Propane 100° F (15) P VII VIII Total V (L) (H) (A) (B) calc. obs. 1000 4660 235 1220 9 1.438 1. 441 2000 4568 186 921 5 1.393 1.394 3000 4479 155 697 3 1.359 1.358 4000 4394 132 514 2 1.330 1.329 5000 1312 115 365 2 1.305 1.307 6000 4234 102 257 2 1.285 1.287 7000 4157 92 174 1 1.268 1.269 8000 4084 83 116 1 1.254 1.254 9000 4013 76 75 1 1.242 1.240 10000 3945 71 50 1 1.232 1.227

 Propane 190° F (15) P VII VIII Total V (L) (H) (A) (B) calc. obs. 1000 5150 556 1172 2302 1.751 1.768 2000 5048 434 991 1191 1.592 1.606 3000 4949 355 819 794 1.517 1.525 4000 4855 301 667 595 1.467 1.471 5000 4764 261 526 476 1.428 1.431 6000 4676 230 411 397 1.397 1.396 7000 4592 206 341 340 1.371 1.371 8000 4510 187 230 298 1.348 1.348 9000 4431 170 169 265 1.329 1.327 10000 4355 157 118 238 1.312 1.308

 Butane 100° F (16) P VII VIII Total V (L) (H) (A) (B) calc. obs. 1000 9641 477 784 .02801 .02808 2000 9163 385 540 .02749 .02755 3000 9290 323 383 .02710 .02714 4000 9124 278 244 .02675 .02679 5000 8964 244 157 .02647 .02649 6000 8810 218 105 .02624 .02621 7000 8660 196 70 .02603 .02597 8000 8516 179 35 .02583 .02575 9000 8376 164 17 .02566 .02553 10000 8241 152 0 .02550 .02534

 Butane 280° F (16) P VII VIII Total V (L) (H) (A) (B) calc. obs. 1000 11591 1762 2519 3873 .03685 .03719 2000 11375 1396 2112 1937 .03392 .03414 3000 11167 1156 1739 1291 .03246 .03252 4000 10966 987 1399 968 .03142 .03146 5000 10772 860 1113 775 .03062 .03066 6000 10585 763 860 646 .02996 .03000 7000 10401 685 660 554 .02941 .02943 8000 10229 622 480 484 .02892 .02895 9000 10061 569 353 430 .02852 .02854 10000 9897 525 247 387 .02816 .02815

 Heptane 200° C (13) P VII VIII Total V (L) (H) (A) (B) calc. obs. 52.6 6749 1389 1754 40 1.928 1.926 112.4 6648 1148 1403 19 1.856 1.846 172.1 6550 979 1125 12 1.801 1.793 231.9 6454 853 882 9 1.754 1.751 291.7 6362 756 675 7 1.715 1.718 351.5 6272 678 513 6 1.682 1.690

 0ctane 100° C (27) P VII VIII Total V (L) (H) (A) (B) calc. obs. 50 5606 660 111 1.550 1.547 100 5544 571 83 1.532 1.530 150 5483 504 55 1.516 1.514 200 5423 451 46 1.504 1.501 250 5364 408 28 1.492 1.489 300 5307 372 18 1.482 1.477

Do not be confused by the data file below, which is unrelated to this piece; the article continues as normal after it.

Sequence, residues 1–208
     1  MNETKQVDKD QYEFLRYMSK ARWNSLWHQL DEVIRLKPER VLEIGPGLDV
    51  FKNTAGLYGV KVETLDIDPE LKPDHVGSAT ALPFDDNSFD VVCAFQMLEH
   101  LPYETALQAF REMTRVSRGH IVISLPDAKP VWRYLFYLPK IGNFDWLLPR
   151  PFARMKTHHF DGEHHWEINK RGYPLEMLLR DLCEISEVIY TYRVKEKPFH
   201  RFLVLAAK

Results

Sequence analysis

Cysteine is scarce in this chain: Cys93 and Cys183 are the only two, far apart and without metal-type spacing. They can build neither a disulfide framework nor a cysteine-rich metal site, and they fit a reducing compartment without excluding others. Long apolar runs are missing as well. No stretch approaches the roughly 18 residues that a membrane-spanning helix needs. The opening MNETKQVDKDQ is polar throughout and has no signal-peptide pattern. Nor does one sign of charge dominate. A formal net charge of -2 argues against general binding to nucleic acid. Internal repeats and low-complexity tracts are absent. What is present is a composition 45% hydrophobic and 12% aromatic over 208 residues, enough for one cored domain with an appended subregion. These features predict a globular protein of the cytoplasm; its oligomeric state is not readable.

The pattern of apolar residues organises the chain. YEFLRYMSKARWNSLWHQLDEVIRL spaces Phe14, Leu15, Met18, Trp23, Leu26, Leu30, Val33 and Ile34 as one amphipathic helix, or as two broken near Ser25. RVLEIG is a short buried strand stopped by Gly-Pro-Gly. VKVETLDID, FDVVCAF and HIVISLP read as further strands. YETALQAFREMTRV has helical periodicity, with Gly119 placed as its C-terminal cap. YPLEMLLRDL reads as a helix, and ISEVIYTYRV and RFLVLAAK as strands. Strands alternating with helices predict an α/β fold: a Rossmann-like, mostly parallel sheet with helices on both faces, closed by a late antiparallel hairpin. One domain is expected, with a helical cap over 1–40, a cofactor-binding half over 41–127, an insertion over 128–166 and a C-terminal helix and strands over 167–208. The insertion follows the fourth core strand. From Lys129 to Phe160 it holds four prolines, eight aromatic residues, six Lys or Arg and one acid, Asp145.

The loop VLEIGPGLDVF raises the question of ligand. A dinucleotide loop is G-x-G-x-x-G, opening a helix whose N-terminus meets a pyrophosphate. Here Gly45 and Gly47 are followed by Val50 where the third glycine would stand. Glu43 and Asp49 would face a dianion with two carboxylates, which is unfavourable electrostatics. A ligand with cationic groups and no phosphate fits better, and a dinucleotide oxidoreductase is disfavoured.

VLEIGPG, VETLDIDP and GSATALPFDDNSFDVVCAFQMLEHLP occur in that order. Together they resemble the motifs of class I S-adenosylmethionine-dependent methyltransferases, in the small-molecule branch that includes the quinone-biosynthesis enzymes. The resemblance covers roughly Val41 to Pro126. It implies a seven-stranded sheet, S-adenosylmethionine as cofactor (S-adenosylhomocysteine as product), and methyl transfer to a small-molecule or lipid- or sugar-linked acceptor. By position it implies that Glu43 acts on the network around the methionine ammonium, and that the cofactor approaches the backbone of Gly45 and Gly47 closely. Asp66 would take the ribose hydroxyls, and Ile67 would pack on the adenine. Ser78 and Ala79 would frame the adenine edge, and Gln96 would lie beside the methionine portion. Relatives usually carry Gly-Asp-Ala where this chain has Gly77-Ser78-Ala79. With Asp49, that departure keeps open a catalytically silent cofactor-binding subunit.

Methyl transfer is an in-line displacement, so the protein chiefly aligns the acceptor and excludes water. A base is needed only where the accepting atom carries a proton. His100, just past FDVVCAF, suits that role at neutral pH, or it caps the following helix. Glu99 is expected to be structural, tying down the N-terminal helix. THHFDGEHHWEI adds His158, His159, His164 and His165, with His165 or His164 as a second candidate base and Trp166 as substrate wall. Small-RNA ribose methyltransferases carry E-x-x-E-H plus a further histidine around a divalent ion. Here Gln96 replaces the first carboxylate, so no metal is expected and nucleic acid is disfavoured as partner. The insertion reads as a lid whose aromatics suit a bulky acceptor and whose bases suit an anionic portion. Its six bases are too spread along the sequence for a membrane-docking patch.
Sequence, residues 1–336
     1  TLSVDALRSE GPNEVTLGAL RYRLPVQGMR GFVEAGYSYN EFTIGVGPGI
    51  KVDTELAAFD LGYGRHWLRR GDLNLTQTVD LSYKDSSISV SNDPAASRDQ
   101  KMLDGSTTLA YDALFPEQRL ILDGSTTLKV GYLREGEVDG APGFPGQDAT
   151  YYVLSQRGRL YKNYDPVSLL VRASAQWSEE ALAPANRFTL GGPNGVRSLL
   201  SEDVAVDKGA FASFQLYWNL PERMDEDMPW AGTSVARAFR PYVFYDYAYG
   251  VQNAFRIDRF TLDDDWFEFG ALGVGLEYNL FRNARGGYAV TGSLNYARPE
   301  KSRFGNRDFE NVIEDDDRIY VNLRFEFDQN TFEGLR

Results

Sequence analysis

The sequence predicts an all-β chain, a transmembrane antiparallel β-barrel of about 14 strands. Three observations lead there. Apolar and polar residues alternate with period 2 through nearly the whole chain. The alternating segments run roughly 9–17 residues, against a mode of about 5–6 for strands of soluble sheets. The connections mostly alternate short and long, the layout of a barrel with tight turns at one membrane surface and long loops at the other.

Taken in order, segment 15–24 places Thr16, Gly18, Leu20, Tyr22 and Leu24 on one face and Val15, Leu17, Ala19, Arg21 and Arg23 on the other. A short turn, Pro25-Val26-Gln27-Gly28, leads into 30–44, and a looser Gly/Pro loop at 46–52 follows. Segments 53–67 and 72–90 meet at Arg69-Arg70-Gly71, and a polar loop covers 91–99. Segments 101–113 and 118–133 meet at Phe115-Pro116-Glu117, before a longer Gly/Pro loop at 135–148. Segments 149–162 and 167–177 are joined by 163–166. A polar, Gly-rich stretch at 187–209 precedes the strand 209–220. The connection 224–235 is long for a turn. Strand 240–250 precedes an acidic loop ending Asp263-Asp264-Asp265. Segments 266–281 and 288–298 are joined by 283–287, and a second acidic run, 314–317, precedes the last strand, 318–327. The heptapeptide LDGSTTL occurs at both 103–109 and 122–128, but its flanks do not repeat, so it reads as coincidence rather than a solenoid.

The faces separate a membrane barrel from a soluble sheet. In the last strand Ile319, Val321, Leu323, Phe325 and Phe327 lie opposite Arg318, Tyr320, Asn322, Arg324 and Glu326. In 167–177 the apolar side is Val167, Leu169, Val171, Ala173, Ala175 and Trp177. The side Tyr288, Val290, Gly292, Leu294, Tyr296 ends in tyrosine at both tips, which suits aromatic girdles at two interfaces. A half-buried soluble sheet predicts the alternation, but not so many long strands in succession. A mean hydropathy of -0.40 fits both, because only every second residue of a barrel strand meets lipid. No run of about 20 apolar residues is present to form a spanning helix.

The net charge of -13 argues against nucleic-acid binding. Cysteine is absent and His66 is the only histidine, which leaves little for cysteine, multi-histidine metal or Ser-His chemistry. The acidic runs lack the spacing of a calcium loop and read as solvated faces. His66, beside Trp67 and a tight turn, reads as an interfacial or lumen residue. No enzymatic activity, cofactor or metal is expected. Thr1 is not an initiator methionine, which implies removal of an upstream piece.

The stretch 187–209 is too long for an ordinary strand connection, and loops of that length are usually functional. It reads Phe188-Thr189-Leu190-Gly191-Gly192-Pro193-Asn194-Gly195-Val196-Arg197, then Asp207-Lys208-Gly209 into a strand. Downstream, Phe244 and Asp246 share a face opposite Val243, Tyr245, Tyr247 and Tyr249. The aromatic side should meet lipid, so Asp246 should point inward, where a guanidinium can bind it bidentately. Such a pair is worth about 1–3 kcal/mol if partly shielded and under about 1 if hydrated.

0ctane 125° C (27) P VII VIII Total V (L) (H) (A) (B) calc. obs. 50 5855 818 221 1.601 1.602 100 5789 708 166 1.578 1.580 150 5726 624 129 1.560 1.560 200 5663 558 92 1.543 1.544 250 5602 505 65 1.529 1.529 300 5542 461 46 1.517 1.516

 0ctane 150° C (27) P VII VIII Total V (L) (H) (A) (B) calc. obs. 50 6100 977 406 1.660 1.662 100 6032 846 314 1.631 1.634 150 5966 745 240 1.607 1.610 200 5901 666 175 1.586 1.589 250 5837 603 129 1.569 1.571 300 5775 550 92 1.554 1.554

 Pendane 100° F (17) P VII VIII Total V (L) (H) (A) (B) calc. obs. 1000 9086 449 262 .02591 .02598 2000 8924 366 180 .02559 .02564 3000 8768 308 115 .02531 .02534 4000 8618 267 65 .02507 .02505 5000 8472 235 49 .02487 .02481 6000 8331 210 33 .02468 .02460 7000 8195 189 16 .02452 .02442 8000 8064 173 0 .02435 .02424 9000 7936 159 .02421 .02407 10000 7812 147 .02408 .02394

 Pentane 340° F (17) P VII VIII Total V (L) (H) (A) (B) calc. obs. 1000 11605 1910 3058 1735 .03442 .03480 2000 11398 1532 2520 867 .03243 .03256 3000 11197 1280 2057 578 .03123 .03120 4000 11004 1098 1631 434 .03028 .03026 5000 10817 962 1279 147 .02952 .02950 6000 10636 856 964 289 .02886 .02886 7000 10462 771 723 248 .02832 .02831 8000 10293 701 519 217 .02785 .02786 9000 10129 643 371 193 .02745 .02750 10000 9971 594 259 174 .02711 .02721

 Hexane 160° F (18) P VII VIII Total V (L) (H) (A) (B) calc. obs. 1000 7862 657 243 2.210 2.219 2000 7746 537 162 2.176 2.187 3000 7614 454 112 2.149 2.159 4000 7487 393 70 2.126 2.133 5000 7364 347 42 2.107 2.110 6000 7245 310 28 2.090 2.089 7000 7129 281 14 2.074 2.071 8000 7018 256 0 2.059 2.054 9000 6909 236 2.046 2.039 10000 6804 218 2.034 2.025

 Octane 175° C (27) P VII VIII Total V (L) (H) (A) (B) calc. obs. 50 6415 1078 719 1.733 1.732 100 6344 933 572 1.697 1.697 150 6274 822 443 1.666 1.664 200 6205 735 350 1.641 1.638 250 6139 664 258 1.618 1.616 300 6073 606 203 1.600 1.596

 Octane 200° C (27) P VII VIII Total V (L) (H) (A) (B) calc. obs. 50 6533 1356 1145 2 1.816 1.808 100 6460 1172 934 1 1.769 1.760 150 6389 1033 751 1 1.729 1.721 200 6319 922 605 0 1.697 1.689 250 6251 834 476 1.668 1.663 300 6184 760 366 1.643 1.640